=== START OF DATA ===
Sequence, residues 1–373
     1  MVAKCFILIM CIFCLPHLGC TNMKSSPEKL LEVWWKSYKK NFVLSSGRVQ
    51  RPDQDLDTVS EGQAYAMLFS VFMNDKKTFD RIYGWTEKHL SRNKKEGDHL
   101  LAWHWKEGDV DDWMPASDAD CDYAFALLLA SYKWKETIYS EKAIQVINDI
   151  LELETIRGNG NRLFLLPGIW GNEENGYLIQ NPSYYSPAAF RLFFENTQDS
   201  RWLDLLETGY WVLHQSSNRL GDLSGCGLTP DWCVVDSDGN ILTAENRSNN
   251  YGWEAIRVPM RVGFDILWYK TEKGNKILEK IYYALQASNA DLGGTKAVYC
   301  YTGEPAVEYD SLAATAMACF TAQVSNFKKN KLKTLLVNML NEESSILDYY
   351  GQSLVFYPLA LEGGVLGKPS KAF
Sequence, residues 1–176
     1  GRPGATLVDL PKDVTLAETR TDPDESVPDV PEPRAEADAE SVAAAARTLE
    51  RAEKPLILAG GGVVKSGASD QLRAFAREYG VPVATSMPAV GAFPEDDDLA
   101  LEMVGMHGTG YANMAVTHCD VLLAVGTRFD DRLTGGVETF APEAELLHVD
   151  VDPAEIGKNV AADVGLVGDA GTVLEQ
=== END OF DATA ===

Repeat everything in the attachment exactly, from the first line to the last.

Sequence, residues 1–373
     1  MVAKCFILIM CIFCLPHLGC TNMKSSPEKL LEVWWKSYKK NFVLSSGRVQ
    51  RPDQDLDTVS EGQAYAMLFS VFMNDKKTFD RIYGWTEKHL SRNKKEGDHL
   101  LAWHWKEGDV DDWMPASDAD CDYAFALLLA SYKWKETIYS EKAIQVINDI
   151  LELETIRGNG NRLFLLPGIW GNEENGYLIQ NPSYYSPAAF RLFFENTQDS
   201  RWLDLLETGY WVLHQSSNRL GDLSGCGLTP DWCVVDSDGN ILTAENRSNN
   251  YGWEAIRVPM RVGFDILWYK TEKGNKILEK IYYALQASNA DLGGTKAVYC
   301  YTGEPAVEYD SLAATAMACF TAQVSNFKKN KLKTLLVNML NEESSILDYY
   351  GQSLVFYPLA LEGGVLGKPS KAF
Sequence, residues 1–176
     1  GRPGATLVDL PKDVTLAETR TDPDESVPDV PEPRAEADAE SVAAAARTLE
    51  RAEKPLILAG GGVVKSGASD QLRAFAREYG VPVATSMPAV GAFPEDDDLA
   101  LEMVGMHGTG YANMAVTHCD VLLAVGTRFD DRLTGGVETF APEAELLHVD
   151  VDPAEIGKNV AADVGLVGDA GTVLEQ